It takes time and lots of experience along with regular feedback from and interaction with a bona-fide driver’s license restoration lawyer before an evaluator really develops a sense of how to properly complete the required substance abuse evaluation. As I have repeated in numerous other articles when talking about the substance abuse evaluation, this is not the fault of the evaluator. I have extensive post-graduate clinical training, and if it were not for the fact that I am a veteran driver’s license restoration lawyer, I wouldn’t understand how the DAAD interprets the information on the evaluation. This can get complicated, but it boils down to the state using certain clinical information in a uniquely legal way. Unless an evaluator has been specifically trained to do that, the only way he or she will get it “right,” in the way Michigan wants it, is by pure luck.

If you begin the administrative review process without a clear understanding of the evidentiary and legal issues on the table and the standard of proof by which they are decided, and thereafter file a clinical document with legal significance, completed by someone who doesn’t have experience with Michigan law and procedure, and you bank on that to win your case, the reason you have 3 out of 4 chances to lose becomes clear. You need to be real lucky, and everything you submit must be perfect, and the hearing officer reviewing your paperwork will have to have no questions in order for you to win. The standard to which your evidence must rise to even make into the game is called “clear and convincing.” We could spend a lot of time on that, but it really amounts to what it sounds like: Your evidence must be clear, and it must be convincing. Whatever else, that means that if the hearing officer reading your stuff has any unanswered question about your case, you lose.

You cannot answer a question that cannot be asked in the first place because you’re not there. This is the third additional reason that administrative appeals lose at a 3 to 1 ratio, and a reason that I fundamentally believe in live hearings. A hearing is all about questions and answers. I can’t even imagine just sending in a bunch of forms and hoping that your case is so clear the hearing officer reviewing it will have absolutely no questions. I spend countless hours preparing the evidence and reviewing the evidence and preparing my clients to answer all the questions that arise in a license appeal hearing. Indeed, I begin a license appeal hearing by asking my own questions.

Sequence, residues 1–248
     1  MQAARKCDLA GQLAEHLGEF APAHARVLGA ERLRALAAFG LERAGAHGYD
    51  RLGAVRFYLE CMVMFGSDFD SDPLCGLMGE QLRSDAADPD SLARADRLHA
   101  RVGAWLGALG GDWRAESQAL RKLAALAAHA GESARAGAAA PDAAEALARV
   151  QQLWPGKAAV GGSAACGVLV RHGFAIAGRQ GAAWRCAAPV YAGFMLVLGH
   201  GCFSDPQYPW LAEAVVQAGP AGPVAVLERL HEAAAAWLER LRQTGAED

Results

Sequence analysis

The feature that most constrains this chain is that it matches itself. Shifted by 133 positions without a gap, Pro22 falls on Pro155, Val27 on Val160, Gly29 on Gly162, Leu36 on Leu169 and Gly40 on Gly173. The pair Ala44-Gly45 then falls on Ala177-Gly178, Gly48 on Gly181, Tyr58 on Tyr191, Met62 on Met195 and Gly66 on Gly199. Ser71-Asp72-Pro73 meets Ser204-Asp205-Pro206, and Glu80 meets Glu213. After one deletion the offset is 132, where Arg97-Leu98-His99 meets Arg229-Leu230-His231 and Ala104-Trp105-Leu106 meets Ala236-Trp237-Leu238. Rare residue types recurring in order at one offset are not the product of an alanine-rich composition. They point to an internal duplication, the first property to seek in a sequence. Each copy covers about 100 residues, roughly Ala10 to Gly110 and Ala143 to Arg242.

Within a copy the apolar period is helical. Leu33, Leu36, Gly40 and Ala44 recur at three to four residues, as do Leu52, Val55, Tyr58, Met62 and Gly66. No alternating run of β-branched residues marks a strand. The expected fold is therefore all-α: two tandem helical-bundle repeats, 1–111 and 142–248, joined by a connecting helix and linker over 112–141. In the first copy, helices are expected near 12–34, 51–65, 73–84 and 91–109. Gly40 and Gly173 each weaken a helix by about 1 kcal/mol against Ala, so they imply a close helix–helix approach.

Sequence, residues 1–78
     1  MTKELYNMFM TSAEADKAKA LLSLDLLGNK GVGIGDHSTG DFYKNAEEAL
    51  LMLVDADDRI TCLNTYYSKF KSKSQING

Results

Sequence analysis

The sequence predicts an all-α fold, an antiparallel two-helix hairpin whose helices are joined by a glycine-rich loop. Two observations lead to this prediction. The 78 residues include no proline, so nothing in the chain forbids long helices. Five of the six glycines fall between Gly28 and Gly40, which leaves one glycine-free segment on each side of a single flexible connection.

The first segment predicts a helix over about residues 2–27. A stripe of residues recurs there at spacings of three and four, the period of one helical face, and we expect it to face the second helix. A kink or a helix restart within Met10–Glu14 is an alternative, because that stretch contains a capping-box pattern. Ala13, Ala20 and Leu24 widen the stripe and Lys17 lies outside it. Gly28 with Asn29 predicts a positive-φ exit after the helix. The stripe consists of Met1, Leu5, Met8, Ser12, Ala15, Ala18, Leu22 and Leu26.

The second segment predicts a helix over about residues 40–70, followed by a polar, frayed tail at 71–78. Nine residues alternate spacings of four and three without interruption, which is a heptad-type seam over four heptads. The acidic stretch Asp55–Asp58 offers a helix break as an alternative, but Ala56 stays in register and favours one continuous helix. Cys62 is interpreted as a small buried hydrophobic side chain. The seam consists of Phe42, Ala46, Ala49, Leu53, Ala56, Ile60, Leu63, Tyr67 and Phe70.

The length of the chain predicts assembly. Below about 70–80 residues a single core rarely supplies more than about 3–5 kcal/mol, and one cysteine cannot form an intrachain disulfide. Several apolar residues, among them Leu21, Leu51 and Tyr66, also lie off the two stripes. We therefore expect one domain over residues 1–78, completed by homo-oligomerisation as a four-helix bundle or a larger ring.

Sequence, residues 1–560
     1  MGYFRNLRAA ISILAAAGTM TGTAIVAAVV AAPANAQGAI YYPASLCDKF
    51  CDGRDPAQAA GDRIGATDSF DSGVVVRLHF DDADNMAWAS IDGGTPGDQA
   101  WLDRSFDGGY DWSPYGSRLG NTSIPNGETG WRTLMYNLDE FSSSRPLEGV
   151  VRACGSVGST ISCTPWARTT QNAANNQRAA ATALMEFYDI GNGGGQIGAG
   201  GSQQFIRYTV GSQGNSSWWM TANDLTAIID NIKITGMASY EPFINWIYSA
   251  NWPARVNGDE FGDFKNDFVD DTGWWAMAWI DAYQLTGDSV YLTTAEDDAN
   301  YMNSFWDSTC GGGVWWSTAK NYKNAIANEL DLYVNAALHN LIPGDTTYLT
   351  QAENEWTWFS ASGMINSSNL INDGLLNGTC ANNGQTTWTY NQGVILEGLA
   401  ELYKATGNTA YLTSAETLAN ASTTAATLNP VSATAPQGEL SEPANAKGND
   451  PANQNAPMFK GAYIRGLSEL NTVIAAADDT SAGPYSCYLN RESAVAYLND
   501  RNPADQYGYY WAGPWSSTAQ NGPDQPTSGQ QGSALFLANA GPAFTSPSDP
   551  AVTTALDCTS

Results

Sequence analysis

Having done this for so long, I am way beyond trying to explain to someone the difficulty with an administrative appeal. Instead, I will just wait for them to try, and then be there when they call next year. In my world, that means a lot of calls from sunny Florida and the Windy City. Beyond those places, a lot of people from Michigan end up in California, Colorado, Arizona, Texas, North Carolina and the East Coast. I have obtained clearances for people who now live in Hawaii, Nevada, Idaho, Wyoming, Kansas, Utah, Indiana, Wisconsin, Minnesota, Missouri, Louisiana, Georgia, Tennessee, Kentucky, Ohio Pennsylvania, Maryland, New Hampshire, New York, New Jersey, Massachusetts, Virginia, Washington D.C. and South Carolina, as well as military personnel stationed all over the world. Wherever you go, you take a little bit of Michigan with you. My job is help get rid of the one souvenir you don’t want – that Michigan hold on your driving record.